Good Coup/Bad Coup: Dilemmas in the Struggle for Democracy

The Thai military coup last month, presents dilemmas to the members of the Thai women’s movement. This article shows that although many women in Thailand were relieved that the corrupted government of Thaksin’s Regime was overthrown some were disappointed when the Council for Democratic Reform abolished the 1997 Constitution along with the Thaksin Government. It was like “throwing the baby out with the bath water” as the old saying goes. For the last ten years, Thai Women’s Watch, a women’s group formed to follow-up the 1995 Beijing Fourth World Conference Platform for Action, had been at the forefront of promoting Thai women’s participation in politics and appointments in decision-making in the government. They don’t want to see the efforts gained thrown out by the coup, especially the Article 30 and 80, which recognized gender equality, and the elimination of discrimination based on sex. Professor Pawadee Thonguthai of Thammasart University, Vice-President of Thai Women’s Watch Group, says “those articles in the 1997 Constitution relating to equal rights for men and women are non-negotiable.” WE MOVE group, formerly known as the “Women and Constitution Network”, decided to show their position to the coup leaders by not pushing to have women in the interim cabinet that was set up. But the Council for Democratice Reform surprised them two weeks after the coup by the appointment of 10 women among the 65 members of the Advisory Committee to advise the interim government on democratized governance. The Article 3 of the draft Interim Constitution guarantees basic rights, human dignity, and equality under the law in accordance with the democratic rule under the King as head of state. Two professionally qualified women were appointed to the new cabinet: Dhipavadee Meksawan and Khaisri Sriarun. The Office of the Attorney General is now headed by a woman, Jaruwan Mentaka, to investigate corruptions and the abuse of power by members of Thaksin government. A female Appeal Court judge, Sodsee Sattayatham was appointed to the Election Commission. Seventeen women from different professional groups and walks of life were appointed to the 342 members of the National Legislative Assembly. Last week, for the first time in Thai history, Tarisa Wattanakes was elected by the board to head the Bank of Thailand. Thai women’s opinions on the recent coup are as diverse as those of Thai men. There are women who are against Thaksin and support the coup. There are those that support Thaksin and are against the coup, and there are also those women who are against Thaksin and against the coup. As long as women like Rosana Tositrakul, Veena Thoopkrajae, journalists, the People’s Alliance for Democracy and female university students are continually allowed to speak out on their opinions, between now and next year’ s national election; there is hope for the future of Thai democracy.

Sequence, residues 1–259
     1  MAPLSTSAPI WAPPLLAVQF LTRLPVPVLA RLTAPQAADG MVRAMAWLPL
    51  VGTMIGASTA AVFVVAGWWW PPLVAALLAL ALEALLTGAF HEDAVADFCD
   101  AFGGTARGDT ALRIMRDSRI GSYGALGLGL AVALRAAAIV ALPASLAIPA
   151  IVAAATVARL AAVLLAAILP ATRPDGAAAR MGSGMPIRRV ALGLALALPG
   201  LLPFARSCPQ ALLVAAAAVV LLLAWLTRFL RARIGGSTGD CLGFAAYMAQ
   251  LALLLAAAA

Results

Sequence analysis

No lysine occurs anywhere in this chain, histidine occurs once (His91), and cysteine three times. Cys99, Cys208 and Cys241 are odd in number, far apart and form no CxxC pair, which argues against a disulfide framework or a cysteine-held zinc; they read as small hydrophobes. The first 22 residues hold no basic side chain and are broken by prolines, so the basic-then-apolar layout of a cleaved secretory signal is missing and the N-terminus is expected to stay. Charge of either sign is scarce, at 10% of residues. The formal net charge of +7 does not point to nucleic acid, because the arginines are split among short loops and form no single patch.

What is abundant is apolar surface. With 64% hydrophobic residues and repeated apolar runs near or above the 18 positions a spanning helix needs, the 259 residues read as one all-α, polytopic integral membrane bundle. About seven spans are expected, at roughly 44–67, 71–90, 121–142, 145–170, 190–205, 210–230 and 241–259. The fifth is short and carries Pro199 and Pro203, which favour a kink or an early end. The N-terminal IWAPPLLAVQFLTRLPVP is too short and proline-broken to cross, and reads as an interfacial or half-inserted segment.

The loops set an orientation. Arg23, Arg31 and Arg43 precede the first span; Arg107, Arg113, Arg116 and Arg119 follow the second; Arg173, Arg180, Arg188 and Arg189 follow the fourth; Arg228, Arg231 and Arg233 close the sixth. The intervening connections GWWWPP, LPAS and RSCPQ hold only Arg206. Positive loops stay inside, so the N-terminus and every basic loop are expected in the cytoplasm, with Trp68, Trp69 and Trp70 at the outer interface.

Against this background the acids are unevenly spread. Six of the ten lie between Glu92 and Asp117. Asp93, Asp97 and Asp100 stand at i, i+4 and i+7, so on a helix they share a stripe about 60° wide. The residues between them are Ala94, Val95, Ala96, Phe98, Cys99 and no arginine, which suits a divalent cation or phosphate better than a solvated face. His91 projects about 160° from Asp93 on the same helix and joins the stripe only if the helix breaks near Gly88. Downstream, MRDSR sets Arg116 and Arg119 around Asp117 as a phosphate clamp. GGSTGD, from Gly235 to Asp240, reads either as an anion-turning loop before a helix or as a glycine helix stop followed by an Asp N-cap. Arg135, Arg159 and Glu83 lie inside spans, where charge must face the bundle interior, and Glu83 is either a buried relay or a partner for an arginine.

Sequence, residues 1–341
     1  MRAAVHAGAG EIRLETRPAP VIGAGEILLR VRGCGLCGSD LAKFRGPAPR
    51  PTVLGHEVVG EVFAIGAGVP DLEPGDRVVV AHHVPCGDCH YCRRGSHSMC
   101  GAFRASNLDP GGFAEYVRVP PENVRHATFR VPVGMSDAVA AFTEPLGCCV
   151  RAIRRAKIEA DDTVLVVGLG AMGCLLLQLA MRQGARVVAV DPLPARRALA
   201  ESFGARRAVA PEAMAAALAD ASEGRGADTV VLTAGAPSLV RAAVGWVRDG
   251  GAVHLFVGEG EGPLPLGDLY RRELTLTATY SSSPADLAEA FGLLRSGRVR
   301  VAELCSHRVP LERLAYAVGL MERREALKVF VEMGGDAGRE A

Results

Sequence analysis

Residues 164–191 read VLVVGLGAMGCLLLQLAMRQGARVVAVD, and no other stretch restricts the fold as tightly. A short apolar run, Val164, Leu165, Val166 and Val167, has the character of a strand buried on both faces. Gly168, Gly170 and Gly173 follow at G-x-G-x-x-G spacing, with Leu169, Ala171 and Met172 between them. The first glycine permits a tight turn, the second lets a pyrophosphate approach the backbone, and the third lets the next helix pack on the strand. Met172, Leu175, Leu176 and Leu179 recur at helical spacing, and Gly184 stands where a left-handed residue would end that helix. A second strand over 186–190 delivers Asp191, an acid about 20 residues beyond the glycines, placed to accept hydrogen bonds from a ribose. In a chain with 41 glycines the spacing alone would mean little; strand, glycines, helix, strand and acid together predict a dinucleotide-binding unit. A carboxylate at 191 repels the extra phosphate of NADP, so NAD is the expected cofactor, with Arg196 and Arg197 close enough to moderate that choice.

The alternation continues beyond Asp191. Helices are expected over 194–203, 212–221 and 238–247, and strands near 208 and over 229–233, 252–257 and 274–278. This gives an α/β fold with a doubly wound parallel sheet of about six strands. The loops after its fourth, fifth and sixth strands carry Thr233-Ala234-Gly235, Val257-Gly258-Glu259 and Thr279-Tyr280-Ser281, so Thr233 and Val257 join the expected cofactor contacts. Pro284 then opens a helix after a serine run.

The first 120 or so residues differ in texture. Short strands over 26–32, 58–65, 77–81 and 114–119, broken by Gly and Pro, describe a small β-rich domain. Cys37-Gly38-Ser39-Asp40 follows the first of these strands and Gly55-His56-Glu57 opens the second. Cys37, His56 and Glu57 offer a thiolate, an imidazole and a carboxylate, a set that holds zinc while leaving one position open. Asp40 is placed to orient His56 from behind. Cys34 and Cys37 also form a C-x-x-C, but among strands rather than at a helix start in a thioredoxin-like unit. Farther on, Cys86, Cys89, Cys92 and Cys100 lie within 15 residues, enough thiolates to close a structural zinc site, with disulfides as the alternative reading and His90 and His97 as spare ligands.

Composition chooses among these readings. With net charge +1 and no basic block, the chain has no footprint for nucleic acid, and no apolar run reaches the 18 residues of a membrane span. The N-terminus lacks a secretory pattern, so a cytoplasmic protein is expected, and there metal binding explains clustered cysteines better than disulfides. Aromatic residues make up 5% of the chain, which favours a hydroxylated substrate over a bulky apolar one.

Cleaning-up the Sea and Ocean

Walking along the famous Hua Hin beach in Thailand recently, I was shocked to see that the beach and the sea were dirty. It is difficult for me to understand why a country that spends a large sum of taxpayer’s money in promoting tourism, can allow its beaches to deteriorate into such a filthy condition. Why would the visitors want to come to swim in a polluted sea or sunbathe on dirty beaches? This problem can be solve so easily, because pollution are made by people throwing garbage in to the sea, and sending chemical-filled waste water from opened pipes of houses and apartments straight onto the beaches. Health and municipality officials can make changes by giving public education, combined with strong penalty measures aiming to stop polluters from damaging the environment. By joining over 100 countries that will take part in the United Nations-supported campaign “Clean Up the World Weekend”, 15-17 September 2006, Thailand should use this occasion to focus on cleaning up it’s beaches. This clean-up campaign was started in 1989 when an Australian solo yachtsman and builder Ian Kiernan, appalled by the amount of rubbish he came across while sailing, organized a clean up of the Sydney Harbor, during which some 40,000 volunteers removed rusted car bodies, plastics, glass bottles and cigarette butts from the water. Thailand should continue with the good work already done in the South by cleaning up the seas and beaches after the December 2004 Tsunami Disaster. On the other hand, I was amazed to read the other day that there are swarms of lowly thumb-sized ocean creatures called “Salps” that occupied as much as 38,600 square miles of the ocean surface from Australia to South Africa, the Southern United States, Western Mediterranean Sea to the North Atlantic Ocean! From my point of view, these creatures are disgusting ocean polluters, but marine scientists said that salps play a critical role in transporting a greenhouse gas into the deep sea. They eat up to 74 percent per day of the marine plants called phytoplankton, which absorb excess carbon dioxide from the atmosphere, much of which results from the fossil fuels human beings burned and sent up to the atmosphere. The salps then defecated. Their sinking pellets transport up to 4,000 tons of carbon daily down to deeper water. The irony of the situation is that sometimes polluters can be useful. In this case, the salps pollute the sea water while contribute to preventing carbon from re-entering the atmosphere by sinking it to the bottom of the sea, thus preventing the greenhouse effect and possibly global warming.